Becoming an Upstander
1 Teach unit on digital citizenship.
Before introducing the creation of the skit or play, I recommend teaching Common Sense Education's "Cyberbullying: Be Upstanding" lesson.
After completing the lesson, have students complete "Insta-Slammed" on Digital Compass website
2 Introduce skit, play, or comic strip assignment
I use Google Classroom to deliver my instructions for the assignment. In these instructions, we review the topics that students have been working on the over the past unit. The students have certain technology skills already and know how to create a presentation.
In this assignment, they are told that they will reflect on what they have learned and will work in teams to create a skit, a comic strip, or a play on what it takes to be an upstander.
You can split the work however you like. I instruct them that they can work together in teams of no more than three and that they can also work by themselves.
You will create a play or comic strip about being an upstander.
At least 1 target, 1 bully (cyber, physical, or both), 1 bystander, and 1 upstander
The play or comic strip should have a setting, a conflict, and a resolution where the upstander steps in to help the target.
You can work on this either by yourself or in teams of no more than three people.
If working in teams, have one person create the work and share it with others in Google Drive.
Create your work in Google Classroom. This is where you will turn in your work when completed.
There is no length requirement to this part of the assignment. You just need to make sure you cover the content pieces mentioned above: Setting, conflict, and resolution.
You have three class periods to work on this part. The second part of the assignment will be added to this document at a later point.
Whether you decide on a play or a comic strip, start off by planning out your project in a Google Doc. Write down the setting (where does it take place), the conflict (what type of bullying and the situation), and the resolution (how does the upstander react and take care of the situation). You should have your plan completed prior to moving on to dialogue and design.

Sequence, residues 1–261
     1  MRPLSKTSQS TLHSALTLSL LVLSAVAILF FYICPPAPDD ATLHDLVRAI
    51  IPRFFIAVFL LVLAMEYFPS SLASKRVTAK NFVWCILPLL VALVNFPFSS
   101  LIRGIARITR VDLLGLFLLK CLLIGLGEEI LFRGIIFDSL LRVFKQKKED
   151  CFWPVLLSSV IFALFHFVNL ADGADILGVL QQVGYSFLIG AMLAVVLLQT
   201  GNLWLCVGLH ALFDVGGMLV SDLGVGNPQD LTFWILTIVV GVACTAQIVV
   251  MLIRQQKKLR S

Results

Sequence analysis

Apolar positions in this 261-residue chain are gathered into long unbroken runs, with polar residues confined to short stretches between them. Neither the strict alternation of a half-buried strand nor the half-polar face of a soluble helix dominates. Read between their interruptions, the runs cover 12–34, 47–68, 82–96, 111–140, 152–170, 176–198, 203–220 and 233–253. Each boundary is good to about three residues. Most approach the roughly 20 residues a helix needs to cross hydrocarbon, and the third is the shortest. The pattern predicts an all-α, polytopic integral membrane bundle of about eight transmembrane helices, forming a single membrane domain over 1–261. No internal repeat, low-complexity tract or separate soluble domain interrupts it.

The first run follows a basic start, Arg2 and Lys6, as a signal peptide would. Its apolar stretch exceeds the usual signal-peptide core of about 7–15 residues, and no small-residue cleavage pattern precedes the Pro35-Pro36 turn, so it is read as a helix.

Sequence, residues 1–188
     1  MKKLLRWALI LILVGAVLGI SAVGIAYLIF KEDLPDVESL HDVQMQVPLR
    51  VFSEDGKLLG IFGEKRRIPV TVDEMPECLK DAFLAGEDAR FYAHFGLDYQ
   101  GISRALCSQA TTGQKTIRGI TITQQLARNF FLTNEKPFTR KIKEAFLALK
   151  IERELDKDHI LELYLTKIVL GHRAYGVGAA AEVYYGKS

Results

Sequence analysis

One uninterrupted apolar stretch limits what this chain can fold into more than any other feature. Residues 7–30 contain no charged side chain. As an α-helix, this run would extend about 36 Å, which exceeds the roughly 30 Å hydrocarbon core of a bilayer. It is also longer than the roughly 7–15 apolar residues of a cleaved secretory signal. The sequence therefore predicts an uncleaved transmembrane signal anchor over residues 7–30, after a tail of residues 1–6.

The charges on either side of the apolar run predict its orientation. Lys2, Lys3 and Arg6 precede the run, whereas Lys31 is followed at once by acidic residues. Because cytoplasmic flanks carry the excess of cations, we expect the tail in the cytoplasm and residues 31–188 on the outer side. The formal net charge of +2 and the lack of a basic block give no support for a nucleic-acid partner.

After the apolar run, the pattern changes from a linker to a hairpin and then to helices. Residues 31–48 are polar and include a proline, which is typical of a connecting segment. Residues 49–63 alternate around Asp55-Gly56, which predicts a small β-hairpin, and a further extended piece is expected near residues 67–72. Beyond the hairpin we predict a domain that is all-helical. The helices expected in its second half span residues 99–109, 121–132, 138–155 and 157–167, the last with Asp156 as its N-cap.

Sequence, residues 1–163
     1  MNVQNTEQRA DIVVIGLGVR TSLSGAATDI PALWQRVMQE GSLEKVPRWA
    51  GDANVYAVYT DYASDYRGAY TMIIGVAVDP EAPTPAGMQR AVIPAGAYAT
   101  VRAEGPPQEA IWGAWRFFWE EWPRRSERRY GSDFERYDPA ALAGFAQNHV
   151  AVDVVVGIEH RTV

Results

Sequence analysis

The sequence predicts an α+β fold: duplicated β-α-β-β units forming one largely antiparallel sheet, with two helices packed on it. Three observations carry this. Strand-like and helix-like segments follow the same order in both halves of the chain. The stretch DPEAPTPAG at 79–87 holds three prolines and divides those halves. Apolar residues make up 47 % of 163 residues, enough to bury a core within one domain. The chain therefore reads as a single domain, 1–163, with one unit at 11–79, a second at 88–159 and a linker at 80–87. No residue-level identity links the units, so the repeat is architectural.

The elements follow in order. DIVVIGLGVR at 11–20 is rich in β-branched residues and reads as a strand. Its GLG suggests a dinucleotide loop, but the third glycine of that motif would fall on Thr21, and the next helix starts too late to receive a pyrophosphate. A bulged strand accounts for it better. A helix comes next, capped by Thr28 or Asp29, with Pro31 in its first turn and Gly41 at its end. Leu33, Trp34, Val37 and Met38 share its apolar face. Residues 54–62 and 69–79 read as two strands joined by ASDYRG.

If you decide on a play, it would be wise to use a Google Doc to create it in.
If you decide on a comic strip, you may want to use Google Slides, PowToon, WriteComics, ComicCreator, KidSpace, Storymaker (If you choose a comic strip, you need to map out what you want your story in a Google Doc prior to creating the comic in an outside site.)
3 Group Practice
In this part, you are the coach while you allow the students opportunities to work through the process of working in teams to plan and create an artifact. Allow them to struggle with the teamwork process and get creative in how they express their beliefs about what an upstander is.
Many of my students choose to use Google Slides to create their comic strip as opposed to web-based program.
4 Presentation and getting feedback
Before students publish their final project, they will present their skit, play, or comic strip to at least two other groups and complete a grading rubric. They will have the option to take the feedback they receive and update their projects prior to turning them in.
To me, this is the most important part. I create a Google Form and have them record their reflections. There are two learning objectives that I have for this lesson. The first is to demonstrate they have an understanding of what an upstander is and the importance of being one. The second is the collaborating with other individuals to create knowledge.
In the reflection, I ask them the following questions:
1. What did you learn about being an upstander?
2. Why is it important to be an upstander?
3. What can you do to encourage others to be an upstander?
From here, I ask them some group learning questions:
1. What was the best part about working in a team/individually?
2. What was the hardest part about working in the a team/individually?
3. What would you do differently next time?
4. What would you do the same?